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Popular Science Monthly/Volume 46/April 1895/Sketch of Prof. Lardner Vanuxem

 
PSM V46 D740 Lardner Vanuxem.jpg
LARDNER VANUXEM.
 


SKETCH OF PROF. LARDNER VANUXEM.

LARDNER VANUXEM was born in Philadelphia, July 23, 1792, and died at his home near Bristol, Pa., January 25, 1848. His father was James Vanuxem, a shipping merchant of Philadelphia, formerly of Dunkirk, France—a man eminent in business and highly esteemed as a citizen and in social and domestic life. His name was originally written Van Uxem; the form was changed by him partly for convenience in writing, but largely because he had become a great admirer of his adopted country and wished to remove the foreign stamp from his cognomen. James Vanuxem's wife, Rebecca, was a daughter of Colonel Elijah Clark, of New Jersey. Of their fifteen children Lardner was the eighth. Seven of these lived to long past middle life, and two of them to ninety and over. His maternal grandmother's name was Lardner.

Of the early educational course of the subject of this sketch there is no record, and no one living has any knowledge. It is thought that he was for a time a student in the Pennsylvania University, but this can not be verified. He entered his father's counting-house as a young man, but business proved very distasteful to him, his mind having been drawn previously to the cultivation of chemistry and mineralogy. He soon determined to give up all connection with business and devote himself to science. Accordingly, his father gave him the advantage of a three years' residence in Paris, at the School of Mines, where he became the associate of Prof. Alexandre Brongniart, the Abbé Haüy, and other distinguished men then prominent as professors in the schools of that great scientific metropolis. There he formed an intimate acquaintance with the late Prof. Keating, of Philadelphia, who in the same walks was drinking from the same fountain of knowledge. Being graduated in 1819, after a short tour through some districts of France, investigating the rock formations, collecting specimens, etc., he returned to this country and his native city, "charged with all the improvements of recent chemical discoveries, and the advancement in all its kindred arts," But he preferred the more abstract pursuit of his studies to the application of his knowledge to the practical arts.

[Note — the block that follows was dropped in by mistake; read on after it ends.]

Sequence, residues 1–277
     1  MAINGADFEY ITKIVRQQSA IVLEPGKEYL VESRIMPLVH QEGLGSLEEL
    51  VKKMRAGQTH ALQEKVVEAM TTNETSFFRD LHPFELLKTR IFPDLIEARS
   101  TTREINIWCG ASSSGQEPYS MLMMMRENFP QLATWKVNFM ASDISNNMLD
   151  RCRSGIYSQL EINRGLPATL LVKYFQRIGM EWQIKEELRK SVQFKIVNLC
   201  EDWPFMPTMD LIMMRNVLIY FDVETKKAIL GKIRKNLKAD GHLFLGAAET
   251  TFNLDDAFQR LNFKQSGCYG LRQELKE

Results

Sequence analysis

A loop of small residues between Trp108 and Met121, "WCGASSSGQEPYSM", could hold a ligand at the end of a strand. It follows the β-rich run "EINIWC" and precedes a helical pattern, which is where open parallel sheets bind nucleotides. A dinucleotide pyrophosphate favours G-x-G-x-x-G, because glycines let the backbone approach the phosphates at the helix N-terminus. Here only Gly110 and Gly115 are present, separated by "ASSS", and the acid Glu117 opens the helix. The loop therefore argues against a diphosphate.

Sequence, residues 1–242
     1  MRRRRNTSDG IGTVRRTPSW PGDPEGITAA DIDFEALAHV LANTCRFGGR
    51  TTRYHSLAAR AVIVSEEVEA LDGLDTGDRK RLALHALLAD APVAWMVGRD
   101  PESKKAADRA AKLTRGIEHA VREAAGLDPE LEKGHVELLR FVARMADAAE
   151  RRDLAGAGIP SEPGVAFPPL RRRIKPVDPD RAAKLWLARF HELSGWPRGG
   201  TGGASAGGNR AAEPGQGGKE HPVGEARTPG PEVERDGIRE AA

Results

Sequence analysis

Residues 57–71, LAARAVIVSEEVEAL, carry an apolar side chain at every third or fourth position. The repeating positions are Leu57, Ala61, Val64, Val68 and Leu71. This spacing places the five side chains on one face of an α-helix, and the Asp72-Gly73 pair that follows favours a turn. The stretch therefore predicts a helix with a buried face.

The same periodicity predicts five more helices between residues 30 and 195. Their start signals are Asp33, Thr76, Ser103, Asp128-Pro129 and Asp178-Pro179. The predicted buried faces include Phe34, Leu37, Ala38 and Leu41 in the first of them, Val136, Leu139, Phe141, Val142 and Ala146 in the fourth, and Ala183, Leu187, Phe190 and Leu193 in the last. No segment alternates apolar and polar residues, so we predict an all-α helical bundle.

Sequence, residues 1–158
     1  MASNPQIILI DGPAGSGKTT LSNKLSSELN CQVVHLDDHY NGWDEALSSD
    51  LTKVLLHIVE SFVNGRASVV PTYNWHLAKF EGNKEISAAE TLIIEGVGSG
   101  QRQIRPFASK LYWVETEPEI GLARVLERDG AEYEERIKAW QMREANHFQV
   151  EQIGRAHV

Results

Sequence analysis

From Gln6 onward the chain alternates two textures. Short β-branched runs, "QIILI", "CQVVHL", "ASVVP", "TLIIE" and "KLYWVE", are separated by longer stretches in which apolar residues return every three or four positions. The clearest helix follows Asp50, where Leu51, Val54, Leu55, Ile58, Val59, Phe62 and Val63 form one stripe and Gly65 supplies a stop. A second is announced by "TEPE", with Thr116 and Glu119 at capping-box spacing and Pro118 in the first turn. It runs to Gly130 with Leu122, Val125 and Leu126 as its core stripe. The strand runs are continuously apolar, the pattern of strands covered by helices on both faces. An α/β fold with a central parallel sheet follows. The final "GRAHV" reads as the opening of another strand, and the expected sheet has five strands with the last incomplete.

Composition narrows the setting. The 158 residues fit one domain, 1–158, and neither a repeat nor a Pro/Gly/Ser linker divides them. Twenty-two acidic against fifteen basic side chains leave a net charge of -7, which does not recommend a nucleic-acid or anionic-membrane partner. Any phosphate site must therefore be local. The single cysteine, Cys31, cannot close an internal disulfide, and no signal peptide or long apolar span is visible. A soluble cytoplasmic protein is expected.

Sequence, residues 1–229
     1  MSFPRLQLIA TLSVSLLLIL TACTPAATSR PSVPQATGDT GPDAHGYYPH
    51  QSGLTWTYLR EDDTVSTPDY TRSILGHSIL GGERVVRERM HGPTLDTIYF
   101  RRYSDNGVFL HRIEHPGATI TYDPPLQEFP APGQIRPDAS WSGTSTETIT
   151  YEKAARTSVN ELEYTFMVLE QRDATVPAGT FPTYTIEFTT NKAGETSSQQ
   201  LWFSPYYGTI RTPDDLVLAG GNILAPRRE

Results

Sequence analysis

Almost immediately after his return home, he was invited by President Cooper, of Columbia College, in South Carolina, to take the chair of Chemistry and Mineralogy in that institution. Becoming a member of the president's family, a warm friendship was formed between him and each member thereof, which ended only with their lives.

In 1826 he retired from the college and devoted his attention exclusively to geology as a profession. During that year he published in the newspapers and in Robert Mill's Statistics of South Carolina reports on the geology of the State, of which he made a survey or assisted in making one, having previously made one of North Carolina. "He also made quite a collection of minerals and rocks of the State, which were deposited in the University of South Carolina."

He then visited Mexico to examine gold-mining property, of which he had been solicited to take charge. His inspection soon convinced him that no profitable results could accrue to the owners, and he advised that it be abandoned.

In 1827-'28 he studied the geological features of the States of New York, Ohio, Kentucky, Tennessee, and Virginia, under the auspices of the State of New York, and made his report to its Legislature.

It was either at this time or immediately after his return from France that he spent much time in geological investigations in the vicinity of Philadelphia in company with Dr. Isaac Lea, who was his chosen and most intimate friend and associate from his early days to the end of his life. Subsequently Dr. Lea honored him by naming after him a class of fresh-water shells which he had been the first to discover and make known. It is from Dr. Isaac Lea's record of him that much of the information in connection with science, contained in the first part of this sketch, is derived. He also made at times extensive and careful investigations in the franklinite districts and marl beds of New Jersey.

In 1830, having returned to Philadelphia, he purchased a farm near Bristol, Pa., and soon after married a daughter of his neighbor, John Newbold, Esq., of Bloomsdale. His farm remained the home of himself and family for the remainder of his life, about seventeen years. "While he often assisted with his own hands," says Dr. Lea, "in the cultivation of the farm, he never at any moment ceased to cultivate his already extensive acquirements in geology, mineralogy, and chemistry, nor to add to a collection of specimens of great extent and rareness."